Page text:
Italy, the Land


32 pages
Contains Photos, Illustrations, Maps, Index
ISBN 0-7787-9737-6
DDC j945




Susannah D. Ketchum, a former teacher-librarian at the Bishop Strachan
School in Toronto, serves on the Southern Ontario Library Services


Belonging to the deservedly popular The Lands, Peoples, and Cultures
Series, this Italian trio of volumes illustrates, unfortunately, the
perils that can beset a series format. Each book contains many of the
trimmings beloved by teachers and librarians—a table of contents, an
index, and a glossary. However, nowhere will you find a bibliography or
Further Reading section.

It is difficult to avoid oversimplification in books for this age
level, but the language is often dismayingly pedestrian.

Worse, the author is occasionally careless. For example the caption
beneath a painting of Garibaldi includes the statement, “The French,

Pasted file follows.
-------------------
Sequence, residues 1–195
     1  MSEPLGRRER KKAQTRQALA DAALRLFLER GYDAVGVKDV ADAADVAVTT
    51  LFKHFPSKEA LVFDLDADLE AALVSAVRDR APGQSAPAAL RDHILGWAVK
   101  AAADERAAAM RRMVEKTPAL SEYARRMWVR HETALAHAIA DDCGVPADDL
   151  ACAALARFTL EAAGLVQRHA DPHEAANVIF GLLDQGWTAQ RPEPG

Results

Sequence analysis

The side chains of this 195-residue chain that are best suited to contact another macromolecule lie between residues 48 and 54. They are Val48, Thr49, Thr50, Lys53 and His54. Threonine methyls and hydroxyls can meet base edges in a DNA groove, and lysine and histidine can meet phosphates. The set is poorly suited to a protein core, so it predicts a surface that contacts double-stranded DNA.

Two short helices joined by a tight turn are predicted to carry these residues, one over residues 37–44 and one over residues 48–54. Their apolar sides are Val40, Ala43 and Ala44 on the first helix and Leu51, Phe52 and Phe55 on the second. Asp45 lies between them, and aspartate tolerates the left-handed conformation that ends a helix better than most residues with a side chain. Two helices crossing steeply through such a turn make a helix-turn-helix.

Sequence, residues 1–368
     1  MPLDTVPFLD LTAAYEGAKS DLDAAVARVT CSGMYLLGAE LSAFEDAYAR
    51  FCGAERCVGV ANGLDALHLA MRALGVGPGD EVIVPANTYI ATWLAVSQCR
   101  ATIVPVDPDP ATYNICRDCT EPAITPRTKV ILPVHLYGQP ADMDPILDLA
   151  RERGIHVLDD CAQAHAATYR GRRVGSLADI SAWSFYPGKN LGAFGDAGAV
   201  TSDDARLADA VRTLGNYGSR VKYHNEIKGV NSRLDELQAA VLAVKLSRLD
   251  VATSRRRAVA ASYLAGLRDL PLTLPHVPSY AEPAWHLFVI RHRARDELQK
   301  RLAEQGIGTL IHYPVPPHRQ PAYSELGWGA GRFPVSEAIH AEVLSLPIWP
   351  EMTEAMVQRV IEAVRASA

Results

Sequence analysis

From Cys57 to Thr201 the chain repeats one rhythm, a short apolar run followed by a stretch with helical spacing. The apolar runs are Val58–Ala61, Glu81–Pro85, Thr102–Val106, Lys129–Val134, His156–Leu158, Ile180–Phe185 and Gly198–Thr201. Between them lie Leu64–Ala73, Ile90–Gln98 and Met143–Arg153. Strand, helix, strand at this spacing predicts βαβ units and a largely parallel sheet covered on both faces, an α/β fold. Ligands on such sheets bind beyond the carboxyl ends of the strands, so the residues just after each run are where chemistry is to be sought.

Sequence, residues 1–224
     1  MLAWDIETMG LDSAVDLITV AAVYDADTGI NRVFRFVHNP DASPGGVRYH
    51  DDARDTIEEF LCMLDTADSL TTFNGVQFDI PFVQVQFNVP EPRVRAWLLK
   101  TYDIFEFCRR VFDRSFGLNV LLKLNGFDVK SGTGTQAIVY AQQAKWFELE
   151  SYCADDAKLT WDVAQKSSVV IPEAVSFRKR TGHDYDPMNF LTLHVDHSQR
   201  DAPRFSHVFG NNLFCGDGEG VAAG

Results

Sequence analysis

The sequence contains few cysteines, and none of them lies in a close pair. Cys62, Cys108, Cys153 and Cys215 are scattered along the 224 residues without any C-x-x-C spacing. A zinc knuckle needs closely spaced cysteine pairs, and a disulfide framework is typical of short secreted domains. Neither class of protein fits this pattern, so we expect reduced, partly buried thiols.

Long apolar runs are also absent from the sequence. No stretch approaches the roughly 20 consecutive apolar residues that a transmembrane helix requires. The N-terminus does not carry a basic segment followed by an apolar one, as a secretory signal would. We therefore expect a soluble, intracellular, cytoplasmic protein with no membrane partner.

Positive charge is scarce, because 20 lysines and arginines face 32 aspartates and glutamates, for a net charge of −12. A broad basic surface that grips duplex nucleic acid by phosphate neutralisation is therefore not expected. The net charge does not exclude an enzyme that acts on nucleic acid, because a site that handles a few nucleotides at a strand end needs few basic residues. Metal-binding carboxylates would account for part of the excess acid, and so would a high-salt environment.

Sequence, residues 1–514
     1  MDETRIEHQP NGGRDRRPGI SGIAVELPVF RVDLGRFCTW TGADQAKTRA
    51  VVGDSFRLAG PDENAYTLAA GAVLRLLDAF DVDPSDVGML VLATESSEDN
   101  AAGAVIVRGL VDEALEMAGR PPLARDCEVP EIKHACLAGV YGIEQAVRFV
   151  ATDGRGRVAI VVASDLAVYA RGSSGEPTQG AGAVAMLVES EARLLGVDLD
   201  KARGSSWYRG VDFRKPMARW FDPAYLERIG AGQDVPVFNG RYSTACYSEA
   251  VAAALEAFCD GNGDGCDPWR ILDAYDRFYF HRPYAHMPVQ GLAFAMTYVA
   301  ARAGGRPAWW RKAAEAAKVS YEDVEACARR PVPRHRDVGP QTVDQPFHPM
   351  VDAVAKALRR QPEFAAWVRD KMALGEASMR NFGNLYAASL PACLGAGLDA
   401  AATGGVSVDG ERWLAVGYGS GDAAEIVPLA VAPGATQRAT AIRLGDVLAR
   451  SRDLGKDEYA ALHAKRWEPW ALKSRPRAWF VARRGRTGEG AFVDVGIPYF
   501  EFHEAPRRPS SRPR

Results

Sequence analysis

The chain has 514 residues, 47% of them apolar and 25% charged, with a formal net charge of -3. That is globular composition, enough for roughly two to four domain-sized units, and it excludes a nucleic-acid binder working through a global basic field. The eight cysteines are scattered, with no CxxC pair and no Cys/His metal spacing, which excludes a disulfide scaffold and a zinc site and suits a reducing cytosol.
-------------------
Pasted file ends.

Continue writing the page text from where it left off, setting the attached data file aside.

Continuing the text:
under the rule of Napoleon, controlled most of Italy’s land before
Garibaldi’s success in uniting Italy.” Since Garibaldi was only 14
when Napoleon died, the implied contemporaneity is misleading to say the

In another infelicitous juxtaposition, the reader is told that fascist
leaders “often have very patriotic views. They do not believe in
elections or free speech.” One last note, the splendid illustrations
are not always well-linked to the text.

Despite these criticisms, the volumes do succeed in conveying the
beauty of Italy and the joie de vivre that characterizes the Italian
people. Each page is a feast for the eyes. Recommended with


Nickles, Greg., “Italy, the Land,” Canadian Book Review Annual Online, accessed May 28, 2024,